MADISON, Wis. (3/11/14)--Helping immigrants obtain citizenship status is one of the ways credit unions fulfill the people-helping-people philosophy in the new millennium.
A 2012 survey by the Pew Research Center found that not being able to afford the cost to apply for citizenship was among the top two reasons immigrants cited for not applying for citizenship. Only not being able to speak English well enough was cited more often.
The current cost for a citizenship application is $680, up from $225 in 1999. Increasingly, credit unions are helping immigrants overcome this obstacle by offering citizenship application loans.
Coopera, a Des Moines, Iowa-based company that works with credit unions to serve the Hispanic market, recommends that its clients offer loans to help members through the citizenship process, said Miriam De Dios, Coopera president/CEO.
"If you look at the whole immigration process, there are folks who are going through different phases of it every day," De Dios told
. "It's something that I went through personally, and it's costly. When we talk to our client credit unions we know it's a need. They offer loans, and we try to work with them to make them as relevant to the process as possible."
De Dios recommends that credit unions work with other community agencies that offer additional expertise, such as legal counsel and assistance working through the immigration process. "There's all sorts of community organizations that are helping folks better understand this process. Credit unions can team up with them and add in the financial education component of this," she added.
Promise CU, with $5 million in assets, Houston, began offering citizenship loans after piloting the program in 2012.
"It's a way to ease the process," Randy Martinez, Promise CU president/CEO, told
The $455 loan includes a $75 application fee. Applicants must contribute $300 of their own money. The loan carries a 12-month term with a 5% interest rate. Monthly payments are about $38, Martinez said.
Promise CU also partners with Neighborhood Centers Inc., a nonprofit network of community centers in the Houston area that works with immigrants. Several times a year, Neighborhood Centers holds citizenship forums that include attorneys and volunteers to assist with paperwork. Promise CU representatives provide financial advice, including assistance with the loan application process, Martinez said.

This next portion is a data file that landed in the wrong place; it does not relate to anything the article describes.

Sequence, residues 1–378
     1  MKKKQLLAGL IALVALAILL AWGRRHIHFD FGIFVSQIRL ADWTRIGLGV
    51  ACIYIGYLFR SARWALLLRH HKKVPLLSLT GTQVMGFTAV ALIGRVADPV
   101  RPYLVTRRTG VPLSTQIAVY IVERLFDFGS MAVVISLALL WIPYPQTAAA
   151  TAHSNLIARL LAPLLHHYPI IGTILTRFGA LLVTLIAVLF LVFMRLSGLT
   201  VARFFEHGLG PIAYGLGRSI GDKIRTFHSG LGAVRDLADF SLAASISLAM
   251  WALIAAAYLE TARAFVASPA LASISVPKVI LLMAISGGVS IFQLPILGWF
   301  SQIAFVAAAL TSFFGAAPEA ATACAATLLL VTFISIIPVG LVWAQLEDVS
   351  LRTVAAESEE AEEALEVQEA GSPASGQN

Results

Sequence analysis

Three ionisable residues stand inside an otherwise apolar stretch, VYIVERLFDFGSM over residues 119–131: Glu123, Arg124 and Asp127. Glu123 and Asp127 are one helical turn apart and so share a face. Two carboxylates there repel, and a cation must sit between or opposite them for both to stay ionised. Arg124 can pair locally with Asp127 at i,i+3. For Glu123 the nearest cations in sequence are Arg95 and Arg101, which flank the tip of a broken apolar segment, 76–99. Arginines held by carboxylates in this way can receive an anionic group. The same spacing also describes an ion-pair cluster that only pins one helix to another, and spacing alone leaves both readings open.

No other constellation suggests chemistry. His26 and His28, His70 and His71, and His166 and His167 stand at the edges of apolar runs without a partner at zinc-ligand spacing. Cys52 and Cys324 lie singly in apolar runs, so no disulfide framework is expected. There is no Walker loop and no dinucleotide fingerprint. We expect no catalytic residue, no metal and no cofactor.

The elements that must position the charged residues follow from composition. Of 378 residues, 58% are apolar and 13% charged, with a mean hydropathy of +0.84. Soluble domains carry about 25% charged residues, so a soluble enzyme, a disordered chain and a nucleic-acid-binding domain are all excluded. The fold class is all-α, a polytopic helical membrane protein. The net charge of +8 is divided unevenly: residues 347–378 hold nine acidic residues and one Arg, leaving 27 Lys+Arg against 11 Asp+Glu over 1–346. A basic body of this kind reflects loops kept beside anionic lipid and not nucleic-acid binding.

Second FCU, Chicago, a division of Self-Help FCU, a $558 million-asset credit union in Durham, N.C., offers loans that range from $680 to $4,000 to cover citizenship application fees and legal costs (
The citizenship loans have repayment term from 12 to 24 months with an interest rate of 12%. Applicants must have established legal residency and earn at least $500 monthly.
Community Trust CU, Modesto, Calif., another division of Self-Help FCU, began offering citizenship application loans last month (
The Bakersfield Californian
Feb. 16). Loan amounts can be up to $1000 for an individual or $4000 for a family. Borrowers carry a 12% interest rate, or less if the principal is paid off before the funds are disbursed.
The National Federation of Community Development Credit Unions and Grantmakers Concerned with Immigrants and Refugees are launching the Northwest Area Immigrant Asset-Building Initiative to promote citizenship, integration and financial security for immigrant communities across the Northwest region.
With support from the Northwest Area Foundation, the initiative will select two to three pilot sites where credit union products and services will be integrated with immigrant legal and social services to provide comprehensive solutions for immigrants seeking to naturalize and build credit and assets.
Grantees will be announced in April. The 12-month pilot is scheduled to in June.